How the Food of Nowruz Rings in Spring

For Disco Tehran’s founders, Persian New Year is a day of feeding friends and family while celebrating spring.
An illustration of a HaftSeen the table of settings for Persian New Year.
Illustration by Jose Berrio

It started with ghormeh sabzi. In 2016 Arya Ghavamian began cooking the Iranian stew in his tiny New York apartment and inviting his friends over. One of them, Mani Nilchiani, would bring his setar, a traditional Iranian lute—and these dinner parties would often turn into intimate concerts. At times they would host more than 40 people in the small place. Sometimes Ghavamian would invite people he had just met while photographing the streets.

“It was always essential to me to share an Iranian gathering and Iranian food with people who are not from Iran,” says Ghavamian, a filmmaker who grew up in and around Tehran. In 2018 he and Nilchiani, a musician who also grew up in Tehran, took the party public to celebrate Nowruz. At their first party, hosted at the barroom Home Sweet Home in New York, more than 250 people from different cultures and backgrounds showed up. The night featured live music by Anbessa Orchestra and Nilchiani’s own band, Tan Haw. After its success in New York, the project, which is now called Disco Tehran, went abroad: They hosted bigger and bigger parties in Paris, London, Berlin, and Mexico City. Last year, after a pause due to COVID, more than 1200 people attended the one in Paris.

Disco Tehran’s first public underground party in 2018 taken by Mert GafurogluPhotograph by Mert Gafuroglu

Nowruz, or “new day” in Farsi, falls on the first day of spring at the exact time of the equinox. It is a celebration of new growth. “Nowruz has certainly been the most special time of year for me,” says Nilchiani. In the nights leading up to the food-heavy holiday, he looks forward to eating sabzi polo ba mahi, or herb rice with fish, and during Nowruz, he gets “seriously excited” about Iranian cookies, one of his favorites being qottab, a tiny sweet pastry stuffed with walnuts, almonds, and cardamom. In recent years he’s felt a growing awareness around the holiday. “I’d like to think Disco Tehran has something to do with that.”

I am not Iranian, but Nowruz has become an important holiday in my life—my partner, Alfie, is Iranian Lebanese, and over the past few years it has become a celebration that I do not miss. I spoke with Ghavamian and Nilchiani about this holiday, Iranian cuisine, and other traditions that Disco Tehran celebrates.

This interview has been lightly edited for clarity.

Why is the project called Disco Tehran?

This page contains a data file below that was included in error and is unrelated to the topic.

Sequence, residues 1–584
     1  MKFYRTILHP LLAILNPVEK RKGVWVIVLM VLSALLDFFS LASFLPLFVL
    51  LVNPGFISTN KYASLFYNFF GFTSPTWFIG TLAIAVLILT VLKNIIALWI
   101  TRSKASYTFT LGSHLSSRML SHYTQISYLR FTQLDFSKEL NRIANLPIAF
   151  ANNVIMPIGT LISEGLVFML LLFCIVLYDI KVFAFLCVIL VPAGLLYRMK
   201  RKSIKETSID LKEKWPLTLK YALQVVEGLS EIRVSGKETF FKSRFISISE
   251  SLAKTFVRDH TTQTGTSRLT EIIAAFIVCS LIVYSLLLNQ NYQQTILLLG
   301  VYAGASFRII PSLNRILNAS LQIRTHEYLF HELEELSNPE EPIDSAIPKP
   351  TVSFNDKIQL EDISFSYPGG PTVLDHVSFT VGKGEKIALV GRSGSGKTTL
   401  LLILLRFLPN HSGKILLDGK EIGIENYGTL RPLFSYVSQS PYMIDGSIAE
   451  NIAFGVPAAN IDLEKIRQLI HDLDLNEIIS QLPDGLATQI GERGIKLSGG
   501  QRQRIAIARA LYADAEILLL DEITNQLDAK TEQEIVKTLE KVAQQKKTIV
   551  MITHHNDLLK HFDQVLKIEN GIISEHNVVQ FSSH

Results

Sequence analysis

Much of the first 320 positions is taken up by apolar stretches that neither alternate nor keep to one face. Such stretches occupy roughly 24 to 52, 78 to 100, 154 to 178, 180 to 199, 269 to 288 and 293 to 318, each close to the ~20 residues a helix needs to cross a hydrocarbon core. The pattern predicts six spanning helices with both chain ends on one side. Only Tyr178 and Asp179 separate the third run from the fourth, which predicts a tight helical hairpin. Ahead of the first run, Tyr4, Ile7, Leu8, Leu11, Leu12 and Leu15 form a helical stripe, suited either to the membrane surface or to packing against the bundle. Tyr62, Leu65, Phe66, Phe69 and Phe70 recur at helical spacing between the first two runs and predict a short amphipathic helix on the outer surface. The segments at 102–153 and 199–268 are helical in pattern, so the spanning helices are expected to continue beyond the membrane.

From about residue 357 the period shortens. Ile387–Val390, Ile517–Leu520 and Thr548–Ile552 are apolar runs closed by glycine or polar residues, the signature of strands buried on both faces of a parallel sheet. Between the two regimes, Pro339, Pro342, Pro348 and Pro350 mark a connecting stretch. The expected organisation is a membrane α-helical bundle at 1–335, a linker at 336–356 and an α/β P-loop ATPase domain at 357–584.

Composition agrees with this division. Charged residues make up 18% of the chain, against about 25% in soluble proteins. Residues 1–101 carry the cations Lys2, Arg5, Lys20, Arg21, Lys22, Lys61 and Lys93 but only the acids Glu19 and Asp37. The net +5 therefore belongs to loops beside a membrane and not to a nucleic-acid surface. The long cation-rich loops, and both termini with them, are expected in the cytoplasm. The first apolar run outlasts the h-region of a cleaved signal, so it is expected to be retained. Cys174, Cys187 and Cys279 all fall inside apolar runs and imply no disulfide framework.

Arya Ghavamian: [It’s] a reemergence of cosmopolitan discotheques in Tehran that were forced to shut down after the 1979 Iranian revolution. It provides a rare access to a reimagined underground scene that has long disappeared. It’s about making a home with the people around us, wherever we are.

Why do you serve food, such as ghormeh sabzi, at Disco Tehran’s events?

AG: Having Iranian food at Disco Tehran didn’t require a lot of thought; this is how everything started. In my opinion every party needs to have amazing food. That’s just the Iranian standard of hospitality. I chose ghormeh sabzi because it’s a family classic! Ghormeh sabzi is extremely time-consuming and requires patience and intricate attention to detail, as small mistakes in the beginning of [my] 12-hour recipe for this dish show themselves later in the process. As a joke, my grandmother used to say if you do this well, you’ll be ready to be married off. The act of making this dish for your family is an expression of love and devotion. Iranians love this dish because it gets the whole family, extended family, and even the neighbors together. At our last party in New York, we cooked for a thousand people in collaboration with Bonshan Kitchen, a female-led kitchen based in Brooklyn.

Let’s get into Nowruz: How is it an important holiday for you?

AG: Nowruz is the most important day of the year for me, and for hundreds of millions of Iranians and non-Iranians who celebrate this day and the arrival of spring. It is a pillar of our collective identity that has survived invasions and revolutions and dogmatic oppressors who have repeatedly tried to eradicate this celebration from our lives. In Iran, Nowruz, and all the traditions surrounding it, was an extremely communal and intimate experience for me.